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Evening markets: wheat sweats at futures market 'casino'

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Greece's parliament passed, unpopular, austerity measures, paving the way for a rescue package for the debt-laden debt.

For many markets, that was all investors needed to know. Shares rose as appetite for riskier assets increased, and the

dollar

, that indicator of investor nerves, lost 0.5% against a basket of currencies.

That was an extra boost to the prices of dollar-denominated commodities, which become more competitive as exports when the greenback falls.

New York

crude

was 2% higher in late deals, after topping $95 a barrel at one point, while

copper

soared 3% to its highest in nearly two months.

Short covering

But, as so often, the mood among farm commodities was more nuanced.

They performed pretty much as expected in earlier deals, rising as investors closed positions ahead of US Department of Agriculture data on Thursday on inventories and sowings viewed as some of the most important statistics of the year.

"Those who don't want to stick around for those reports are exiting," said Darrell Holaday at Country Futures.

And, given the level of short bets going on of late, that in theory meant higher prices, as investors bought back grain to cover short positions.

'Giant casino'

However, Chicago showed that it had not lost its knack for surprises, with

wheat

pulling back from intraday gains of nearly 4% at one point to post losses approaching 2%.

The reversal baffled many investors, although speculators, always active in Chicago wheat, took much of the flack.

"Hedge funds are shooting each other in the foot. It's a giant casino," Jerry Gidel at North America Risk Management Services said.

Jason Roose at US Commodities attributed the reversal to "non-threatening weather", with conditions certainly better in many parts, such as Europe.

That said, Benson Quinn Commodities noted that "the trade is closely watching dry conditions in the lower Volga basin, which have the potential to reduce some of the later production in this region".

The broker added: "Russian and Ukrainian production areas to the west of the region appear to have adequate to excessive moisture."

Cash vs futures

Indeed, many wheat markets traded a far more bullish view, with Minneapolis spring wheat for July closing up 4.4% at $8.76 a bushel, and the new crop September lot adding 2.0% to $8.49 ½ a bushel.

In Europe, Paris wheat for November closed up 2.4% at E199.75 cents a pound, while London's November lot gained 2.6% to £168.50 a tonne.

As Jaime Nolan at FCStone's Dublin office noted, European cash wheat markets showed "little inclination to follow the sharp declines seen" on futures until the last couple of sessions, "with 11% milling wheat at the Barcelona exchange holding at €240.00 a tonne".

Chicago's July wheat contract pulled itself up by the close to end up 0.2% at $6.41 ¼ a bushel, with the better-traded September lot adding 0.4% t0 $6.74 ¼ a bushel.

'Lack of rain a disaster'

Still, that was nothing compared with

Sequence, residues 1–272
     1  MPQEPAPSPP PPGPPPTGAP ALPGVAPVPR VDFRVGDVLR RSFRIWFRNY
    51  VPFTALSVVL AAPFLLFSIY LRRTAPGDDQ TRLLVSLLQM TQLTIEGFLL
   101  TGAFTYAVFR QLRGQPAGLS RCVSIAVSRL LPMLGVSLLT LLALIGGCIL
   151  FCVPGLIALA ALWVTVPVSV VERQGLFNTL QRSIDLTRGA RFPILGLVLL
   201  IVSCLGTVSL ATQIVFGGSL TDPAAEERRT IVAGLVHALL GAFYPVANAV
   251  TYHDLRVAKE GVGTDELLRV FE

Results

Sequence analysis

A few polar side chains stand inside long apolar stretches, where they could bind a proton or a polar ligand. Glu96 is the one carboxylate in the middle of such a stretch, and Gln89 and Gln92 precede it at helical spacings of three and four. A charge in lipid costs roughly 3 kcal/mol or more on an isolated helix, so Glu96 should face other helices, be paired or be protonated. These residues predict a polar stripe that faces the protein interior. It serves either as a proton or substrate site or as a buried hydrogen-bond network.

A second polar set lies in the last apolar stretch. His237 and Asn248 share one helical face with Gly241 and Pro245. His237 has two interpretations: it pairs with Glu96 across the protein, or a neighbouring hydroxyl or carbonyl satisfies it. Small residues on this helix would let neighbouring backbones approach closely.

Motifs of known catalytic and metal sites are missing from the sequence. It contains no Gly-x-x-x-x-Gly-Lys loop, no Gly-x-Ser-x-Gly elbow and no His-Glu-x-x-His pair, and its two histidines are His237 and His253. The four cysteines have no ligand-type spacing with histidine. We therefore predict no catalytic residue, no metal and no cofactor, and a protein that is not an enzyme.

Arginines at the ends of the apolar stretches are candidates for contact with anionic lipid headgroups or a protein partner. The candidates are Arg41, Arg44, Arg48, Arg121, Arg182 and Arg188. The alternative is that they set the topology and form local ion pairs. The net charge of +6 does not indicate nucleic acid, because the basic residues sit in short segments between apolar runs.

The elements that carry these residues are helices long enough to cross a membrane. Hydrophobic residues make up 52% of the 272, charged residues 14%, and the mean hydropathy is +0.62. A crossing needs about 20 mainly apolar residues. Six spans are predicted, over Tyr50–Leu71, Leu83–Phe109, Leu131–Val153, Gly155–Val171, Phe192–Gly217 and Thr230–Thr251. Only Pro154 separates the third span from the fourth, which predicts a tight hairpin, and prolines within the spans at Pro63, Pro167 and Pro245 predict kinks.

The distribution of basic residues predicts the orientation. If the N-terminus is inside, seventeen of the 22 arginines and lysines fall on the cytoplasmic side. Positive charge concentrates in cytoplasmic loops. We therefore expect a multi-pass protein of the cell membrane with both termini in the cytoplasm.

corn

, which did a better job of keeping in positive territory – and not just because of its tighter fundamentals.

Matthew Pierce at PitGuru highlighted "growing talk of a Chinese and Mexican announcement in the immediate future" on corn purchases, evens which would mean "corn is priced $1.00 a bushel too cheap at this point".

Mexico's corn, after all, having been hit by frost earlier in the year is now being challenged by quite the opposite, with forecasts of for Sina Loha of "temperatures 'moderating' in the upper teens - and by that I mean 113-119 degrees Fahrenheit", Mr Pierce said.

"The lack of rain is now a disaster for their replanted crop. This brought rampant discussion concerning an imminent tender by Mexico for old-crop corn."

US Commodities noted that "China is believed to have been an active buyer of corn on this break. Cash corn in China remains near the highs".

Chicago corn for July closed up 2.2% at $6.98 a bushel – a full $0.56 ¾ a bushel premium to wheat.

Bulls eye

The new crop December corn lot closed down 0.4% to $6.50 ½ a bushel, despite some colourful talk about the, deteriorated, condition in the field.

"If you put a bull's eye in the Corn Belt and draw a circle to the outer edges, most of the corn inside that circle is in good to excellent condition and getting better," Mr Holaday said.

"The fringes have a lot of questions - too wet in North Dakota and South Dakota, too dry in the south west, very hot and dry to the south, and late planted corn in the east.

"Many years the fringes don't matter, but they do this year."

Soybeans

, meanwhile, maintained an upward plod, adding 0.3% to$13.34 ¼ a bushel for July, helped by talk of bullish sowings data on Thursday.

'Attention from chartists'

Among soft commodities, New York

cotton

ended lower, down 0.5% at 121.40 cents a pound for December, following another poor performance by the fibre on the Zhengzhou exchange, where the July lot slid a further 3% on the reduction in some import duties.

And

sugar

found headway harder to come by so close to the psychologically important 30 cents a pound mark for July. The lot ended unchanged at 29.28 cents a pound, with the better-traded October lot slipping 0.3% to 26.76 cents a pound.

However,

cocoa

for September added 2.1% to £1,959 a tonne in London, and 3.2% to $3,119 a tonne in New York, the best closes since early May in both cases.

The rise was helped by the New York lot breaking upwards through its 200-day moving average line, besides the talk that the quality of beans in the Ivory Coast, the top producer, may fall short of initial expectations.

"Cocoa is receiving attention from chartists," Jurgens Bauer at PitGuru said.

By Agrimoney.com

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